The US Federal Appeals Court rejected an argument that "Google" had become so popular that it was synonymous with the word "search" and should lose its protected status.
Google's trade mark was attacked on the ground that it was a "generic term universally used to describe the act of internet searching". While it may be common to "google it" or "just ask google", the Court was not convinced. There was insufficient evidence that the general public viewed Google as a generic name for carrying out an internet search, rather than as the brand of the search engine.
In New Zealand, the registration of generic marks is prevented by section 18(1)(d) of the Trade Marks Act 2002. If, however, the mark is already registered, the mark is susceptible to revocation under section 66(1)(c) if it has become generic.
Genericism only needs the mark to have become "a common name in general public use", it does not have to be 'the name', but it will require cogent and objective evidence that the mark has become a common name for the product or service in respect of which it is registered and is used by the relevant market of consumers to denote a particular type or kind of product. Until then, the mark will not be considered generic.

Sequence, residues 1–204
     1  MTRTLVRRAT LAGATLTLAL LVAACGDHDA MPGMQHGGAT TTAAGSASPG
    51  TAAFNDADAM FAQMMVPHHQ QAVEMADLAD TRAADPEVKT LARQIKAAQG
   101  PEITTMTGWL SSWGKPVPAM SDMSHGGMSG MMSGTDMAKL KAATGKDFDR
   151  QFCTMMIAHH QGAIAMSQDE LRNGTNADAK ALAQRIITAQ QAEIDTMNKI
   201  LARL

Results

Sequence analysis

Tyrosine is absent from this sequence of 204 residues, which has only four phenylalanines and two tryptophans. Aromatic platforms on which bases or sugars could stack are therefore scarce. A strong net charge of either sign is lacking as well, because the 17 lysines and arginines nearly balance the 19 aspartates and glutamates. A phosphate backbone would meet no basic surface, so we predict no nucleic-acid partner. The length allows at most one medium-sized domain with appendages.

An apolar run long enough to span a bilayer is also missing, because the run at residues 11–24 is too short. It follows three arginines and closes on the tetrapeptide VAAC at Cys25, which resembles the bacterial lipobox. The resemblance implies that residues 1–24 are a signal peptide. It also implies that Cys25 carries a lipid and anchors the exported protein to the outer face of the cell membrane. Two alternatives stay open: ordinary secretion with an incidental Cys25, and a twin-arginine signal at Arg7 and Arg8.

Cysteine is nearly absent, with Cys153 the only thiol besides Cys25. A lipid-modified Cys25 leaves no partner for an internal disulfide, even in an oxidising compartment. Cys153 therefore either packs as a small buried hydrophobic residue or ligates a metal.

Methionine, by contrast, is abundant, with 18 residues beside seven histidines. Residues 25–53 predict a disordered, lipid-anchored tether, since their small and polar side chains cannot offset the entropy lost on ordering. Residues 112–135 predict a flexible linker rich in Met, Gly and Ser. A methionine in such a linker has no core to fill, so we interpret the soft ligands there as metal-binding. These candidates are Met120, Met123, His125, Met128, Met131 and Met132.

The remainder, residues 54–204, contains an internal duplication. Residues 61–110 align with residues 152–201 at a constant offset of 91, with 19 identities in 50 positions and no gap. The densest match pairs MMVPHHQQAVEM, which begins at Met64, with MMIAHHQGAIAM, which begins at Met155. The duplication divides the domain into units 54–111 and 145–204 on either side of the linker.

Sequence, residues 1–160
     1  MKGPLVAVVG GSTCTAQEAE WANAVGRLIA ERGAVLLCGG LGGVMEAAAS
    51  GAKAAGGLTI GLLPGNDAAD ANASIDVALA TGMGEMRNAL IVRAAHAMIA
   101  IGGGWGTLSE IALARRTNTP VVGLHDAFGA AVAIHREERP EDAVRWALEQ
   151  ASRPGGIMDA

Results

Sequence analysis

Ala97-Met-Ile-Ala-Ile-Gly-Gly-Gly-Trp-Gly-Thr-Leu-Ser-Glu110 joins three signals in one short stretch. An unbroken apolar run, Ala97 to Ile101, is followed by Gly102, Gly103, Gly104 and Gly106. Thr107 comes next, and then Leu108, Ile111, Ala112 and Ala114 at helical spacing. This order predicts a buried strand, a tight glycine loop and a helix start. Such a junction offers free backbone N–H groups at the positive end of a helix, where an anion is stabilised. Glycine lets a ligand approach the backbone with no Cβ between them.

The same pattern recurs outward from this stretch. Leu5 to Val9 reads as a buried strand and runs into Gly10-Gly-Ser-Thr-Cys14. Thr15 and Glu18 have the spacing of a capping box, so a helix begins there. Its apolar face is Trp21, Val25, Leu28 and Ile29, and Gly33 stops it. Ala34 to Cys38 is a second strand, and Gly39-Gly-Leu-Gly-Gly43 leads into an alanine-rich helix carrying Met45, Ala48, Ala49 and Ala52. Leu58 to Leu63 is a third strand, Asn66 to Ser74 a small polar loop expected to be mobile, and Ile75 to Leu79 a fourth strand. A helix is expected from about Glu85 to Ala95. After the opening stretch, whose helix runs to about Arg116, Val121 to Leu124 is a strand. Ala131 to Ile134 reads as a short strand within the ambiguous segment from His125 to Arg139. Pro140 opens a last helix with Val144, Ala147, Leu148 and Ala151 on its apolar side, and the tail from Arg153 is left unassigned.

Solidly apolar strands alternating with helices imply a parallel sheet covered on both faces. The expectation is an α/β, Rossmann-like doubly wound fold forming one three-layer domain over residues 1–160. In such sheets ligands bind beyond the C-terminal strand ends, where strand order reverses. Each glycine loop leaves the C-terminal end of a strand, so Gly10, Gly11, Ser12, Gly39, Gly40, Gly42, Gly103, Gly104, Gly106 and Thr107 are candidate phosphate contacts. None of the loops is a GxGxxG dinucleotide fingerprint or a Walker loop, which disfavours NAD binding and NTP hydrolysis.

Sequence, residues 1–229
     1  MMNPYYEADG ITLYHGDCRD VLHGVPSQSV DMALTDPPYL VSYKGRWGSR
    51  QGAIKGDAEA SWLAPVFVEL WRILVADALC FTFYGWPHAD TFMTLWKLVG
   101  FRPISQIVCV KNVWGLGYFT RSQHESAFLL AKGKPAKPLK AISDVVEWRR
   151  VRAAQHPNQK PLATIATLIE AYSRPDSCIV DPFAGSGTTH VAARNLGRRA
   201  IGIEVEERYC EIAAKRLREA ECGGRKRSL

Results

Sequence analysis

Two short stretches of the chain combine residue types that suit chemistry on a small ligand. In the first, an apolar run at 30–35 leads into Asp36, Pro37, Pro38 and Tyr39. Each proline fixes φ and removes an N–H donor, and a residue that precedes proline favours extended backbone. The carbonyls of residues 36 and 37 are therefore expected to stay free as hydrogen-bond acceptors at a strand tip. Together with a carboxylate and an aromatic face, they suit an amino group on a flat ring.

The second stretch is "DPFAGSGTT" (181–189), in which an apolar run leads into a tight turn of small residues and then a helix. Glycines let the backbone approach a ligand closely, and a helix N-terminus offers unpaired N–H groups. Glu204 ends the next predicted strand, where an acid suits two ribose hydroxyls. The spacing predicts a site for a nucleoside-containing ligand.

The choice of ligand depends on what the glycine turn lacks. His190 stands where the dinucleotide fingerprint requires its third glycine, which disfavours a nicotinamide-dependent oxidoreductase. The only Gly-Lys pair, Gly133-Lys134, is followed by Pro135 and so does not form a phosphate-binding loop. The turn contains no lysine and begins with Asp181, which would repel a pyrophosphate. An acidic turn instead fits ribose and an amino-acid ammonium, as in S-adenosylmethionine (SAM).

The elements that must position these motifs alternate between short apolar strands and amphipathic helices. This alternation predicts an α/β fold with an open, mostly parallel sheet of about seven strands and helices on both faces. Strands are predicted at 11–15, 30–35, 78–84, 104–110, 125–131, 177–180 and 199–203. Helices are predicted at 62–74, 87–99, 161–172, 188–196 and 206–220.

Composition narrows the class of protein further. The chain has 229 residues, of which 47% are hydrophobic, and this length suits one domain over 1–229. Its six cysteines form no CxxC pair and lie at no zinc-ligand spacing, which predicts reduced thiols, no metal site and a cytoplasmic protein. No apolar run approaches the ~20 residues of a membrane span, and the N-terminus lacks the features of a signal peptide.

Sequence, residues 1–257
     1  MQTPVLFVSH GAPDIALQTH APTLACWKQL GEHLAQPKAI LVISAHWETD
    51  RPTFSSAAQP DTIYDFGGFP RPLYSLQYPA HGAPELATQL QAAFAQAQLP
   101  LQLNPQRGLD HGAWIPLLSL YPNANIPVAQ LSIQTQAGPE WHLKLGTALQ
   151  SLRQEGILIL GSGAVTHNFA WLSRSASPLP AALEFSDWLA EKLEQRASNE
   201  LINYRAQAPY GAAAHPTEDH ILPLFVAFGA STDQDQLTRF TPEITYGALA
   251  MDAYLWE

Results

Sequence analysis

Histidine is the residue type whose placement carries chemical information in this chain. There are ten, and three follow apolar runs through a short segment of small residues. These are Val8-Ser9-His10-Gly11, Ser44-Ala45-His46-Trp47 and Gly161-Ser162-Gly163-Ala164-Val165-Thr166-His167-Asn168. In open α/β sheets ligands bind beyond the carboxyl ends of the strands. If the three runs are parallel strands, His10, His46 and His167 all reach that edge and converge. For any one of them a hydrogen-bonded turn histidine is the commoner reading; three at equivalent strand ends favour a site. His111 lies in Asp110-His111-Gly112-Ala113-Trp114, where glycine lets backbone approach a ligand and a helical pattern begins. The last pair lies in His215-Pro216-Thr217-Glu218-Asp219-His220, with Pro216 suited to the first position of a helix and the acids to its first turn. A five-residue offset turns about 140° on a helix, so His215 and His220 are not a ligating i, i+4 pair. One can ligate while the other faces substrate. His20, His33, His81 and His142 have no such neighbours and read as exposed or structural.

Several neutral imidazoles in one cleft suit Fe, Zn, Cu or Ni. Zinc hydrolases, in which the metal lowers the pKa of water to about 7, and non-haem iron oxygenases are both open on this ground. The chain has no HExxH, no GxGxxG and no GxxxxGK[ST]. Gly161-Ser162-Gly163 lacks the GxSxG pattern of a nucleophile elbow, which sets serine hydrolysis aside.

The company warned investors more than a decade ago that there was "a risk that the word 'Google' could become so commonly used that it becomes synonymous with the word 'search'."